*587 It is clear that had the trial court decreed the right of way here claimed by Christensen, it would increase the burden upon the servient estate. That is to say, it would result in a substantial increase in the use of the servient estate other than that contemplated by the parties at the time of the grant. In Stevens v. Bird-Jex Co., supra, we stated that in construing instruments creating easements, the court would look to the circumstances attending the transaction, situation of the parties, and the object to be attained. Applying these principles to the facts of this case, it is apparent the parties intended the right of way to create only a means of ingress and egress for the dominant estate as a whole. It is to be remembered in this connection that when the Traugott deed was executed in 1907, the entire Traugott tract and the surrounding area was used for farming purposes. The abnormal development of the use of the dominant estate brought about by the recent erection of defense installations in the area could not be found to be within the contemplation of either the grantor or the grantee in that deed. A division of the entire dominant estate into several lots, with the expectation that each portion would obtain a right of way over the servient tenement, could not be a use contemplated by the parties at the time of the grant and reservation. Hence, there was no error in denying Christensen a direct right of way over plaintiffs' land.
We address appellants' third assignment of error. The court entered a permanent injunction against the appellants restraining them
"from molesting or using the said property in any manner contrary to the deed dated February 6, 1907, and requiring the defendants to remove any and all items which may pollute the water supply to a reasonable distance from said property."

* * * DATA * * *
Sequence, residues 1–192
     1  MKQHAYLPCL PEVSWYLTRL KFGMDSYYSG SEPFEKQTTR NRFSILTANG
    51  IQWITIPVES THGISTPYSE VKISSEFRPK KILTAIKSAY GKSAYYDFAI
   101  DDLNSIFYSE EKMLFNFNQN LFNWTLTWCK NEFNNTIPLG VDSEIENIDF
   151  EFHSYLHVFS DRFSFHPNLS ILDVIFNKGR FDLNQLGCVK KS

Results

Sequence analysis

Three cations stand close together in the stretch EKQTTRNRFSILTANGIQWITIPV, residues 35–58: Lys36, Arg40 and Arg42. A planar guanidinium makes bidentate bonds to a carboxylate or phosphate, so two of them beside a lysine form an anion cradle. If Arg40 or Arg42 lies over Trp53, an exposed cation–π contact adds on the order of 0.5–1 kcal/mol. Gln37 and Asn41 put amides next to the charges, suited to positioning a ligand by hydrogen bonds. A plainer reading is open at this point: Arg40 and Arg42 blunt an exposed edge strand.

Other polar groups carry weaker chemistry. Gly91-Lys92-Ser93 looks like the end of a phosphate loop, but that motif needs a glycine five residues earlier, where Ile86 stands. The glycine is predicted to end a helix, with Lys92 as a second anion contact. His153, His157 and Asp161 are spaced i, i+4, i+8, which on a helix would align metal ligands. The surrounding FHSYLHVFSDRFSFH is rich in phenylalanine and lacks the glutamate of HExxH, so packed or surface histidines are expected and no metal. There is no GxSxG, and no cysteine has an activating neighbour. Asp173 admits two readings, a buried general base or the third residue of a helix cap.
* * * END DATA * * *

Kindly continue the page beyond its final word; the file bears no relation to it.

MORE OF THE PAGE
It is agreed by the parties that a court restraint must be of sufficient clarity to notify those affected as to what act or acts are prohibited by such order. This, of course, does not mean that the court must spell out every minute *588 detail. Appellants contend that the provisions of the court's order are so uncertain and indefinite that it is impossible to determine what the court had in mind.
The injunction prohibited the use of such property in any manner contrary to the deed of February 6, 1907 which provided:
"The said grantor, his successors and assigns guaranteeing full protection to said pipe line from trees, shrubbery or willows or any thing that would hinder or obstruct the free flow of water in same, also full protection from barns, corrals, out houses or filth of any kind that would make the water unfit for culinary purposes."
The record reveals that appellants or their predecessors in interest at various times had corralled hogs near the well and that this action resulted in filth accumulating to the depth of several inches during these occasions.
In view of the provisions of the deed, the purpose of the conveyance, and the revelations of the record, it appears that the order was sufficiently certain and definite to inform defendants of its requisites. The lower judgment is affirmed. Costs to respondents.
WOLFE, C.J., and WADE and CROCKETT, JJ., concur.
HENRIOD, J., concurs in the result.